How fast does an aurora move? I “googled” it, and got answers ranging from “fast” to “very fast”. Not very scientific. It also doesn’t help that the majority of aurora videos on the Internet are time-lapse footage, and there’s no way to know how fast the footage has been sped up. Although, I did find this video that claims to be real-time footage:
When the camera is still, you could try to calculate the speed of some of the aurora elements if you knew where the cameraman was, what stars were in the view (and how far apart they are), and how high up (or how far away) the aurora was at that time. All information that I don’t have.
What if I said we could estimate the speed of the aurora by examining VIIRS Day/Night Band (DNB) images?
Here’s a DNB image of the aurora australis (a.k.a. Southern Lights) over Antarctica, taken on 1 October 2012:
Compare this image with the images of the aurora borealis shown back in March 2012. Something doesn’t look right. Far from looking like smooth curtains of light, the aurora (particularly the brightest one) has a jagged appearance, like a set of steps. (This is easier to notice if you click on the image to see it in higher resolution.) This is because the aurora wouldn’t stay still, and we can use this information to estimate the speed it was moving.
The stripes that you see in the image are a caused by the 16 detectors that comprise the DNB which, for various reasons, don’t have exactly the same sensitivity to light. (This condition is given a super-scientific name: “striping”.) The DNB senses light from the Earth by having a constantly rotating mirror reflect light onto these detectors. One rotation of the mirror (particularly the part that occurs within the field of view of the sensor) comprises one scan. Each detector comprises one row of pixels in each scan, each with 742 m x 742 m resolution at nadir. There are 48 scans in one “granule” (the amount of data transmitted in one data file), and it takes ~84 seconds to collect the data that make up one granule. That means it takes ~1.75 seconds per scan.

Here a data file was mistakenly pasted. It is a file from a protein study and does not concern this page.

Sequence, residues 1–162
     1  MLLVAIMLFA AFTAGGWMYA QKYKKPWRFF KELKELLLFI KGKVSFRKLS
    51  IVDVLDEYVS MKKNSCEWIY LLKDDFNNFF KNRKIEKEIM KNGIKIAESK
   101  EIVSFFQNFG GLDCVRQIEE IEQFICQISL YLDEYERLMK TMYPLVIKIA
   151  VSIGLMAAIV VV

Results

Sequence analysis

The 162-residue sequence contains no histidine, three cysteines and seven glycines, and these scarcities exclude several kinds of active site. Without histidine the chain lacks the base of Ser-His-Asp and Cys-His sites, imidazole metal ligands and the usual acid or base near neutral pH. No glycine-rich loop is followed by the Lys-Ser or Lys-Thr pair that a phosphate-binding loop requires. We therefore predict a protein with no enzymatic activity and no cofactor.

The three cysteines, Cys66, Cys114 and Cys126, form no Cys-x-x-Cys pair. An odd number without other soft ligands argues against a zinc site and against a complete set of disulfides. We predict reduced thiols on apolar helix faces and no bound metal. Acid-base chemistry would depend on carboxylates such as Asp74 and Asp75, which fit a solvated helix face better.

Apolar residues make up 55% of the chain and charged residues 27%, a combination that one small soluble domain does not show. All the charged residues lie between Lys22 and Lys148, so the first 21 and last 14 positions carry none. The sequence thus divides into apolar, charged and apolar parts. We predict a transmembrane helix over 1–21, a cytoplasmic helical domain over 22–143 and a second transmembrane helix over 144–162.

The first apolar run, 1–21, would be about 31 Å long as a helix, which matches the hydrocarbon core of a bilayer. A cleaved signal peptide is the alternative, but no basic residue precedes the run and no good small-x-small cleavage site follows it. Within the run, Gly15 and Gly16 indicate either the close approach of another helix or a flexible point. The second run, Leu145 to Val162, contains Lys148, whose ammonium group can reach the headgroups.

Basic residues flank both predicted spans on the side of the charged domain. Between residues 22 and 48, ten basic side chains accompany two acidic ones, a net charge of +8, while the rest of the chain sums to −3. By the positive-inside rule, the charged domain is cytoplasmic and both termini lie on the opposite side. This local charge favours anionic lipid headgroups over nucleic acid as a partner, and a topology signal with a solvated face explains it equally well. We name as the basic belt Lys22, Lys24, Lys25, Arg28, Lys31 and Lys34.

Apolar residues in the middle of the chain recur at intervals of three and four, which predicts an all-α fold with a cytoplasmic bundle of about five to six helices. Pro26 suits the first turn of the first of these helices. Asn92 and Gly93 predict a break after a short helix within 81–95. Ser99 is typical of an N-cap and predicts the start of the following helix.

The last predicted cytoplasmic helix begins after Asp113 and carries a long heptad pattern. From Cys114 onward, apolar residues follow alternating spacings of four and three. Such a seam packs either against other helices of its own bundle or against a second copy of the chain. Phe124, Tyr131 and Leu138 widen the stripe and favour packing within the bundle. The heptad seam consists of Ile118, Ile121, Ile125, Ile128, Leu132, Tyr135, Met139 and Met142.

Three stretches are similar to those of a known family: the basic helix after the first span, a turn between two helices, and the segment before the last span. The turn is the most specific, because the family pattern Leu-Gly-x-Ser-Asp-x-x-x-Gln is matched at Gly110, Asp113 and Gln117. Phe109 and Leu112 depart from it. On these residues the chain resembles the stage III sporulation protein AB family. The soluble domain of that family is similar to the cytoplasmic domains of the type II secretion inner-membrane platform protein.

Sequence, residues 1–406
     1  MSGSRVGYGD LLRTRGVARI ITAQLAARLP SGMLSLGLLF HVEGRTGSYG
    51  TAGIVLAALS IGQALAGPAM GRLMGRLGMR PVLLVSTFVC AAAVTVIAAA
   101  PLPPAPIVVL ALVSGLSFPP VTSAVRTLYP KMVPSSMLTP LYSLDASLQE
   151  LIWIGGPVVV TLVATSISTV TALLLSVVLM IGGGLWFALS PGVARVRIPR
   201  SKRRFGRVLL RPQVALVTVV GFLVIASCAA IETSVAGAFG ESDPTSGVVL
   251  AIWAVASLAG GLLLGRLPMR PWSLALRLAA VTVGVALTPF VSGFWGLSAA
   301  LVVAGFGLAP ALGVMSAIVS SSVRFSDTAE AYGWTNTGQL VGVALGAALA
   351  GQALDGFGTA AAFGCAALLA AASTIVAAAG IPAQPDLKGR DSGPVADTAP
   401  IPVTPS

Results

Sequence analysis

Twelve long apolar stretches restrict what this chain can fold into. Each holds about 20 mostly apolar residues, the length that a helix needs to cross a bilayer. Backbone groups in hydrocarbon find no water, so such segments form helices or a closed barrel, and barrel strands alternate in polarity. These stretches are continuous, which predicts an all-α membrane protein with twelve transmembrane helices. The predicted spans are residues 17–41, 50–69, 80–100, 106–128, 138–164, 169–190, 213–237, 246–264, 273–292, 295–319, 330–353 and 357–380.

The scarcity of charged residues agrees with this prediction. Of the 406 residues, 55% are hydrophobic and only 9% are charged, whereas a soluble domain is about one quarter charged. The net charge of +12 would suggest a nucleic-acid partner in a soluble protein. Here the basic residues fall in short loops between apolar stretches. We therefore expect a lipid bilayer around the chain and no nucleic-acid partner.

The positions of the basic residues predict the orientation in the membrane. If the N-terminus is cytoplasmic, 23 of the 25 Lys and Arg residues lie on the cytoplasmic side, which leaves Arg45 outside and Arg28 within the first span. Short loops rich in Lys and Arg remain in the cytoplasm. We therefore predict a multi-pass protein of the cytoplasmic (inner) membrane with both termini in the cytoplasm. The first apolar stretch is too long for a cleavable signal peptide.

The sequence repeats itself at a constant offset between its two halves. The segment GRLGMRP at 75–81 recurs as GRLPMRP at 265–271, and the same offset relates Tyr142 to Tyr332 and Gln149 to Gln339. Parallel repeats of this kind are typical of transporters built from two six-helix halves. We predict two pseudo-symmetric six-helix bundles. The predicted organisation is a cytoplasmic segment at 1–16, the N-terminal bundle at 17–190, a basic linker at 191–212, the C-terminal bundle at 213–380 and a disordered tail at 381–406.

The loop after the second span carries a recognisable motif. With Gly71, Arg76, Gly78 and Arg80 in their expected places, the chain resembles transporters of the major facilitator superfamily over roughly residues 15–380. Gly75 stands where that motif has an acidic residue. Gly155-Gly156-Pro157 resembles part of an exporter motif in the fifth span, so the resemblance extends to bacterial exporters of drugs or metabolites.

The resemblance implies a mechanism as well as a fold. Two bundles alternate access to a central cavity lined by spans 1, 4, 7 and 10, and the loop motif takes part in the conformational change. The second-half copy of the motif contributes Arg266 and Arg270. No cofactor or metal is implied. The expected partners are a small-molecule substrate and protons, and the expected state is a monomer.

If you watch that video again, you’ll notice that the aurora can move quite a bit in 2 seconds. Now, let’s zoom in much more closely on one of the aurora elements:
This image has been rotated relative to the original image, in case you were wondering why it doesn’t seem to match up with the first image. The brightest pixels are where the brightest aurora elements were located. The “steps” (or “shifts” as they are typically called) occur every 16 pixels, which mark out the end of one scan and the beginning of the next. If you count the number of pixels that the brightest aurora elements shifted from one scan to the next, it varies from about 6 to 10 pixels. Assuming a constant resolution of 742 m per pixel along the scan (which isn’t exactly true, the resolution degrades a little bit as you get closer to the edge of the scan but not by much), that means this particular aurora element moved somewhere between ~4.5 and ~7.5 km in ~1.75 seconds from one scan to the next. Doing the math (don’t forget to carry the 1), that comes out to somewhere between 9000 and 15,000 km h-1 (rounded to account for possible sources of error), which I guess counts as “very fast”. But, it’s not as fast as the coronal mass ejections that create auroras. They have an average speed of 489 km s-1 (1,760,000 km h-1)!
So, what looks like an oddity in the VIIRS image, actually contains some interesting scientific information about the speed of an “active aurora“.
But, we’re not done yet. Let’s get back to the striping. Along with “stray light”, it’s one of the few remaining issues in VIIRS imagery. Stray light, which you can see evidence of in the lower right corner of first aurora image, is a particular problem in the DNB. It occurs when sunlight is reflected onto the detectors when the satellite is on the nighttime side of the Earth, but close to the edge of the day/night “terminator“. Our colleagues at Northrup Grumman have been working on a correction to stray light that also reduces the striping. This correction allows for much better viewing of auroras, which have a tendency to occur right where stray light is an issue.
Here is an image of another aurora over Antarctica, taken on 15 September 2012, corrected for stray light and striping:
This was the night of a new moon, so the only light in the scene (once the stray light is taken out) is the aurora. (OK, there may be some “air glow” and starlight. But, it doesn’t show up on this brightness scale.)
This aurora was a lot less “active” so it looks more like smooth curtains of light. Although, when you zoom in on the brightest swirl in the upper right corner, you can see it did move 3-5 pixels between scans:
This translates to 4000 to 8000 km h-1, which still counts as “fast” even if it doesn’t count as “very fast”. See, Google was right! Auroras do move anywhere from “fast” to “very fast”. But, now we at least have an estimate to quantify that speed.
And, in case you were wondering, these estimates of the speed of auroras are consistent with earlier observations. According to the book Aurora and Airglow by B. McCormac (1967), the typical speed of auroras is between 0 and 3 km s-1 (up to 10,800 km h-1). So, it appears that VIIRS does give a reasonable estimate about the speed of an aurora. We just happened to catch one “typical” aurora and one “faster than typical” aurora.